Is Re-Baptism Permissible?

When I was first a curate, my vicar told me about one family he’d dealt with. After due preparation he’d baptised the toddler of the family. Sometime later he met the mother and the rather badly-behaved child in the street. “Ere, vicar,’ said the mother, ‘Can I ‘ave ‘im done again: it never took last time!’

And, of course, that’s the problem. You can’t ‘ave ‘im done again’, at least not in the Church of England. One of the signs of decline in a church is that primary issues become secondary and secondary issues primary. It seems that we can deny aspects of the creed which are clearly the teachings of Scripture. But start bending the rules over baptism and you’ll be for it. So the controversy over ‘re-baptism’ is a live issue in the Church.

Some people have been all but excommunicated for being ‘re-baptised’. Now I happen to believe that no-one needs to be ‘re-baptised’. If they have come to repentance and faith in Christ, and have been baptised in water in the name of the Trinity, that’s fine. I don’t believe it matters what order those events came in. But it is a secondary issue. If Paul could say ‘Christ did not send me to baptise, but to preach the Gospel,’ that’s good enough for me. Why do we have to get so worked up about it?

The people who do are often very much in favour of church unity. But how could we have such unity, given the historic differences of opinion on this subject, without adopting a live-and-let-live policy over baptism.

What some paedo-baptists (people practising infant baptism) fail to appreciate is that many Christians don’t regard infant baptism as a valid baptism. So, if they were christened as a child, they do not regard themselves as baptised. There is no question of re-baptism. They regard themselves as needing to be baptised for the first time. And I have to sympathise. If all I’d got to look back on was a hole-in-the-corner afternoon sprinkling, when my parents weren’t believers, I’d perhaps feel that way. (I was baptised as a 13 year old believer by immersion).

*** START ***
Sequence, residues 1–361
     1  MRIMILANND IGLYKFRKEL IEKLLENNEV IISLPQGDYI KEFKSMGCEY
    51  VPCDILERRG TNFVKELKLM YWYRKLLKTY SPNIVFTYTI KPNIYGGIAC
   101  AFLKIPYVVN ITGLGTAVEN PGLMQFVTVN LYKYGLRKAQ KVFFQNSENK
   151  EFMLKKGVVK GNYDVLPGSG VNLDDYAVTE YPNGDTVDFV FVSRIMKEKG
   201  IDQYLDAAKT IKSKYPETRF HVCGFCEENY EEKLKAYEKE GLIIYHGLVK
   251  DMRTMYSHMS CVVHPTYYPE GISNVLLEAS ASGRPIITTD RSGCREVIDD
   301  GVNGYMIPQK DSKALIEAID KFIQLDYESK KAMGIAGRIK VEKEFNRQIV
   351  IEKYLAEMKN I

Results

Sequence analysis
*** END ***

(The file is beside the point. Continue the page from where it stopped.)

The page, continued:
Having said that, it is clear from the New Testament that baptism is meant to be one-off. And it is a serious matter to repudiate what many Christians see as a valid baptism without careful thought, prayer and discussion. It is certainly unhelpful to get carried away with the emotion of a houseparty or the like and to be ‘re-baptised’ on the spur of the moment.

What some Christians need to do is not be ‘re-baptised’ but to make a public affirmation of faith – perhaps in a public testimony or renewing baptism vows. Bishop Colin Buchanan once advocated a renewal of baptism vows in water. He suggested immersing the candidate with words like “As you were baptised in the name of the Father . . . , so now I confirm to you the cleansing, forgiveness, new life and promised gift of God’s Spirit which are in his covenant” or “As into Jesus Christ you were baptised, so I pray God who began a good work in you, to bring it to completion at the day of Christ Jesus”. (See Grove Books 91 Adult Baptisms)

I am convinced that these differences over baptism should not divide the Church. We must accept that sincere, Bible-believing Christians come to different conclusions. And we must be pastorally sensitive towards those who, after prayerfully thought and discussion, decide they must, in conscience, go through what we might see as ‘re-baptism’.

© Tony Higton: see conditions for reproduction